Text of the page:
~ Today’s Mandarin Lesson ~
character: 五 | pinyin: wǔ | definition: five | pronunciation: woo
character: 好 | pinyin: hǎo | definition: good | pronunciation: how
character: 学生 | pinyin: xuéshēng | definition: student | pronunciation: shwayshung
Exciting news: I have begun taking Mandarin lessons!
I love languages, and try to learn as much of the mother tongue as possible for any area I visit. It’s been a challenge living in a country where very few people speak English, turning normally menial tasks into daunting ones.
Anyway, I’m looking forward to getting a better handle on this language that is totally different from my own. Classes meet for 7.5 hours each week, so hopefully by the time I come back to the states I will have enough skills to converse successfully with a toddler. Wish me luck 🙂
Now, for your reading pleasure, here are some more interesting things I’ve learned about China whilst residing here.
- They. Love. Plastic. The extent of which single use plastic is consumed here is actually terrifying. I truly don’t think locals understand this is a problem, which frightens me further. Now, I admit I am on the extreme other end of the spectrum – I use beeswax wrap instead of plastic, have washable neoprene snack bags, wipe off tinfoil to use again, keep reusable bags in my car, you get the picture – but over here it is obscene. Reusable shopping bags are not a thing, and the first time we asked a store clerk to put goods in our tote, we were regarded as if we had sprouted tentacles from our eyeballs. We have been rinsing and reusing the plastic bags forced upon us, and they definitely think we are weird Americans, but oh well. Kyle plans on starting a discussion about this during one of his Environmental Economics classes and I am extremely proud.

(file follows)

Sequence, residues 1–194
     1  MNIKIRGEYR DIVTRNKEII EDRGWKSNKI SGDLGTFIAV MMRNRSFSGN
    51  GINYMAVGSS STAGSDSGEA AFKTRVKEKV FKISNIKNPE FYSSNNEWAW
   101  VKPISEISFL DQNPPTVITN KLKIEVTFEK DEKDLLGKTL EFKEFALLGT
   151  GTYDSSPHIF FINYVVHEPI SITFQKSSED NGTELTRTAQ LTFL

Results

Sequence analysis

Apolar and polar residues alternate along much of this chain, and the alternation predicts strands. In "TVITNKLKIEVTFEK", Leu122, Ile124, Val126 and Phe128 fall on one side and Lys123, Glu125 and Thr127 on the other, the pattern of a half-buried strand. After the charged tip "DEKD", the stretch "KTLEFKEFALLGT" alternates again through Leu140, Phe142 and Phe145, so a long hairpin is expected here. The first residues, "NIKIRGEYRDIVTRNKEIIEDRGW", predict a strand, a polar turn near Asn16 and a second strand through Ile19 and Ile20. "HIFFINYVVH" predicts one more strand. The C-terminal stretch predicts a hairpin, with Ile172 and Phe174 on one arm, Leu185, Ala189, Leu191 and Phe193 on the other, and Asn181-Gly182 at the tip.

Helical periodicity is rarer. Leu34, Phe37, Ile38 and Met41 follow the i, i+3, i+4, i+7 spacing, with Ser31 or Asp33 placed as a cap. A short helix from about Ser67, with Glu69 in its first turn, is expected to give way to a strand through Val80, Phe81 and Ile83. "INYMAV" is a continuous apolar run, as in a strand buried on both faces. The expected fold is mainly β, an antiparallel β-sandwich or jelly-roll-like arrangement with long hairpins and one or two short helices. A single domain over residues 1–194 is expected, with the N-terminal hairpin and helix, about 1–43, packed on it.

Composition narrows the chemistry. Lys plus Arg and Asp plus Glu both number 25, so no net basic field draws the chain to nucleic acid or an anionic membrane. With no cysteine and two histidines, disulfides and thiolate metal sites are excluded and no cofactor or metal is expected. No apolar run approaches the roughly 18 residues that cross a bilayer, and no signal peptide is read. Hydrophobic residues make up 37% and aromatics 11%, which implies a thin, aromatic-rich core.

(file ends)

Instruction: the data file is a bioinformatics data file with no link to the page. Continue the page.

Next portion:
- Food is phenomenal. I really love food in general, but in Beijing it is delicious and SO CHEAP… and we’re living in the capital! Later I will do an entire post dedicated to the epicness that is cuisine over here (spoiler alert: “chinese” food in the U.S. is a joke), so I won’t go into specifics now. To get an idea about cost though, we spend less than $5 on average for both of us for any given meal where we live. The most expensive meal we’ve had so far was a “$$$$, Michelin star quality” extremely fancy restaurant – they put seat covers over our coats and gave us hot hand towels before the meal – and we spent $120, total. It’s worth noting that we also ordered a bottle of nice wine. We dine like kings on the budgets of peasants. It rules!!
- Physical activity is important (and funny). This should be a no-brainer, but the sad truth is that back in the states, not many people take this seriously. Over here, regular physical activity is the norm, but their workouts are also kind of hilarious. My office window overlooks the campus track, field, and fitness area, and it gives me immense pleasure to watch the locals do their daily exercises. The idea of running in workout clothes hasn’t really caught on, so you see a lot of people running in their puffy winter coats and jeans; some people are even in full-on business attire. They also do some strange group activities that are too bizarre to put into words, and the kung fu and karate chops are just how you see in the movies. As much as I like to poke fun, I really do admire their habits.
As a sign off, here is a picture of a plant Kyle bought for our place. We can’t bring it back home due to custom regulations, but Kyle really loves it, so if anyone is able to identify it, please let me know so I can buy him a new one when we get back! Also note the green space outside the window, that’s the track/field.